yconic - Extracurricular Activities and Involvement
Hide Menu

My Feed Money for School Student Help Brands Winners Support Center



Explore yconic
Explore Student Life Topics
Scotiabank
STUDENT CHAMPION
yconic proudly recognizes Student Champion Partners who are providing our community with superior support for their student journeys. Learn More
Student Help Brands

Extracurricular Activities and Involvement

A photo of origamiprincess origamiprincess
I am extremely involved in my high school, and would like to continue my commitment to my school community when I go to university next year. However, I realize that I will already be extremely busy with all of my classes, adjusting to the new environment etc... So my question is: As a general member in something like an environmental/humanitarian club, or some form of student government, how much of a time commitment is generally necessary? Are meetings usually once a week or more often? Do members have the freedom to only come to certain meetings, and be less involved in times when they feel they need to focus more on other things? I want to make sure that I can make a difference and still achieve academically. =)

Thank you in advance for all of your replies!
Was this helpful? Yes 0
10 replies
 
A photo of inthemaking inthemaking
General member meetings are typically twice a month, monthly or may be on a as-needed basis. Most clubs are quite large and attendance isn't taken or anything so members may come to all or just a select few of the meetings.
Was this helpful? Yes 0

 
A photo of Anonymous Anonymous
Origami, you're asking questions that are better answered by the club or organization of interest.

Off the record, though, student government is usually the most effort-involving role. It's even more true for a post-secondary institution. However, that shouldn't discourage you because there are untold benefits from being involved in student government-usually, non-tangible benefits that help you over the long run.

On the other hand, some organizations hardly do anything at all, so it's to your benefit to actually research into this.
Was this helpful? Yes 0

 
A photo of elissa elissa
Do your own research on school websites or in schools. Everything is a lot different than highschool, you'd be surprised.
Was this helpful? Yes 0

 
A photo of macpherson184 macpherson184
Usually the school will host a couple of club days where all new clubs will advertise their clubs in one big space so that students can tour and get a sense of everything offered. From there, you can ask specific questions such as time commitment and things of that nature and get a feel for how much time you will be able to offer. In most cases, clubs start off with huge numbers of members at the beginning of the year but as weeks go by the numbers dwindle as students either forget, lose interest, or simply realize they don't have the time, so time commitments will always vary depending on how many members the club has. Also, from my experience as a first year student, most clubs already consist of members that have been involved for many years already, so I found that when I joined a few clubs, they were sort of clique-ish in a way that most of the new members were simply harnessed in for the man-power (eg. setting up, doing all of the tasks the senior members didn't want to do), as the actual committees were formed before the new school year began before summer break began; so unless the club your planning on joining is in need of committee members, chances are you will be signed in as a volunteer, which means your committment hours may not be as extensive as they would be if you were on the board.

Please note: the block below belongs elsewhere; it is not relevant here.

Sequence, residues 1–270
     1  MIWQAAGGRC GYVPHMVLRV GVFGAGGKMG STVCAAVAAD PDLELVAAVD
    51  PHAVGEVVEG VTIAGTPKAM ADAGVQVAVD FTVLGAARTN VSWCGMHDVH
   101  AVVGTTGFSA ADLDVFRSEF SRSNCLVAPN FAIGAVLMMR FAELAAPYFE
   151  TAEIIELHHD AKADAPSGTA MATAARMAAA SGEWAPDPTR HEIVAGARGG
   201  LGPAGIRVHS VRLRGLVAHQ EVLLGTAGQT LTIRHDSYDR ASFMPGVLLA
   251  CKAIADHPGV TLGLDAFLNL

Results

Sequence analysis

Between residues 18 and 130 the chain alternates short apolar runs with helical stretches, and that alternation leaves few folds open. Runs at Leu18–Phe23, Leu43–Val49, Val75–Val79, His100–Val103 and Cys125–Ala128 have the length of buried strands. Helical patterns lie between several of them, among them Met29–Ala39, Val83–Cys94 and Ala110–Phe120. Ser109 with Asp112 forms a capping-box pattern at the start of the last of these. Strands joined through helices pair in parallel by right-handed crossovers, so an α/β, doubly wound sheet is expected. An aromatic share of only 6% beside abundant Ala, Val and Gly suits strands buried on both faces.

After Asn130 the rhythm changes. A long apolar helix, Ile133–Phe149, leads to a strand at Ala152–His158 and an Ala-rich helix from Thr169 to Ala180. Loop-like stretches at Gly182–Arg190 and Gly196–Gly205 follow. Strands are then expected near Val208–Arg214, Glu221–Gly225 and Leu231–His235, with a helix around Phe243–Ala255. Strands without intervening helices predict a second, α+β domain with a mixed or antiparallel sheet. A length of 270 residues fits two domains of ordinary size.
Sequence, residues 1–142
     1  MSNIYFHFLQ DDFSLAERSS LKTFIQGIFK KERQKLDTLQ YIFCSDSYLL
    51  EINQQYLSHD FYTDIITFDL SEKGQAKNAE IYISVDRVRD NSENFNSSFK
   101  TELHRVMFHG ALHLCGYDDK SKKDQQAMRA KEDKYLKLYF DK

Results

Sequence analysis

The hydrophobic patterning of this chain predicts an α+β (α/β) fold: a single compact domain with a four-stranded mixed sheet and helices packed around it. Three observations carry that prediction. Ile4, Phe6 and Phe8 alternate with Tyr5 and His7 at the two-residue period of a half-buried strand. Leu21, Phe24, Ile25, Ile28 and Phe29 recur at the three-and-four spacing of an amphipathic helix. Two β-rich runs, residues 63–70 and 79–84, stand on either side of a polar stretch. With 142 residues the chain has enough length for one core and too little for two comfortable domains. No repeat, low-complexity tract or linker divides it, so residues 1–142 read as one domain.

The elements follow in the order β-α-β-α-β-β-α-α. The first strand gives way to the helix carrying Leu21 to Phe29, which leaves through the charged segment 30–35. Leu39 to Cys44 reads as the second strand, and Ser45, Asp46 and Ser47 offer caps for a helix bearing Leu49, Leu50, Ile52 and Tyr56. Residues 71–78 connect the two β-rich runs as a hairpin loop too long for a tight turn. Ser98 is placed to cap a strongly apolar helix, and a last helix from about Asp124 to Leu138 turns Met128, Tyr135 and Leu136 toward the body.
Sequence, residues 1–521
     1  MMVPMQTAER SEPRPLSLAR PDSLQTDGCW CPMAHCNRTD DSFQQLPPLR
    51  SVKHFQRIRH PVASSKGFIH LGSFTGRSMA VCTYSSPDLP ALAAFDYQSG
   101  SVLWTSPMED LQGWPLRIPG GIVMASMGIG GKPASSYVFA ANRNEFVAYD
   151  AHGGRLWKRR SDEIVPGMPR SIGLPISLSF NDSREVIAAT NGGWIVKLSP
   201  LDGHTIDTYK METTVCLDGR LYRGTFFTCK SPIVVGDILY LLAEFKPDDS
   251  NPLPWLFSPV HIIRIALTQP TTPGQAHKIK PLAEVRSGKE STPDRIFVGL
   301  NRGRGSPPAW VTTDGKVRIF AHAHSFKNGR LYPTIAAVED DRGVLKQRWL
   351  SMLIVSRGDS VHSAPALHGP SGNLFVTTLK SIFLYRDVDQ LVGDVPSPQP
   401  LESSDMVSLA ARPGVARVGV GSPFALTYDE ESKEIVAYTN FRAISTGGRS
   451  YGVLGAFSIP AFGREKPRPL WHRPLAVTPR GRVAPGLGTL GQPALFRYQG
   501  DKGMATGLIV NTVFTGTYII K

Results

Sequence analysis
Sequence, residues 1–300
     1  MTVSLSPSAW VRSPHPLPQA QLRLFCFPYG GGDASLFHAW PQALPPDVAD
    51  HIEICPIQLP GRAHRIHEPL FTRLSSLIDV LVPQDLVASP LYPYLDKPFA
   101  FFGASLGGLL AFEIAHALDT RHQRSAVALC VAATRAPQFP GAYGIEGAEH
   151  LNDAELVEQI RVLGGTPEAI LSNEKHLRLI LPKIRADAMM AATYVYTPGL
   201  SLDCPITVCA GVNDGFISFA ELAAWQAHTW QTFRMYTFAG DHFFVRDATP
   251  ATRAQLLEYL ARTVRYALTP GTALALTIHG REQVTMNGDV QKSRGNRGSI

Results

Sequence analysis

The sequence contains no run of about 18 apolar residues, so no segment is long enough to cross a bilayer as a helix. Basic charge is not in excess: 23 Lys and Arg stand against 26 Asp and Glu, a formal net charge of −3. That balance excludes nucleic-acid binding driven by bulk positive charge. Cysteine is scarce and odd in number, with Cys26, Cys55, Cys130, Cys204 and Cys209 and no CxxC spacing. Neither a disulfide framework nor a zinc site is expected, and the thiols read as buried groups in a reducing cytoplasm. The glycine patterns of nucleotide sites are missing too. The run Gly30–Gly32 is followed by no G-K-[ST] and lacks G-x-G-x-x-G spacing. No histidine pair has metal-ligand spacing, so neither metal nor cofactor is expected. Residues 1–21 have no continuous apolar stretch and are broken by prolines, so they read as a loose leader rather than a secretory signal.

Was this helpful? Yes 0

 
A photo of MegWidmeyer MegWidmeyer
the great thing about extra curricular activities in university is that they understand how busy you are and how much you have to study and commit your time to classes so they're fairly understanding about meetings being every once in awhile and fitting into people's schedules.
Was this helpful? Yes 0

 
A photo of cat11 cat11
Universities are understanding of everyones schedules and it would be best to contact the club yo would liek to join as they would have the most information and can answer your questions.
Was this helpful? Yes 0

 
A photo of lwolff lwolff
I wish that more school had cheerleading squads. I wonder how would you propose asking the sports department to start up a cheerleading squad and get interest in it?
Was this helpful? Yes 0

 
A photo of Jessica888 Jessica888
In my first year of university, I was a member of eight different clubs. Like you, I was super involved in high school and carried that mindset over! There are several clubs (I only had one that fell in this category) that you have to apply for (ie. student government or various centers around campus) and those tend to have more mandatory attendance and be more time consuming. If you're simply speaking about general clubs, however, it's very flexible. Most of mine had a meeting once a week that lasted anywhere from 30 minutes to an hour and a half. If you can't attend, just get filled in later. There were weeks when we'd have a booth or event, where I'd help out more, but if you have a lot going on and can't help, that's alright too. It's a volunteer position, after all, and everyone else there knows what it's like to be a student with various commitments.
Was this helpful? Yes 0

 
A photo of NumberOne NumberOne
Anyone know how the Student Government of UOttawa is? Specifically, the Poli Sci Student Government?
Was this helpful? Yes 0

 
A photo of Anonymous Anonymous

@NumberOne wrote
Anyone know how the Student Government of UOttawa is? Specifically, the Poli Sci Student Government?


They're two different things: the student government at U of O is left-wing nutjobs, like most student governments. There is a political science student association, but that's not a student government.
Was this helpful? Yes 0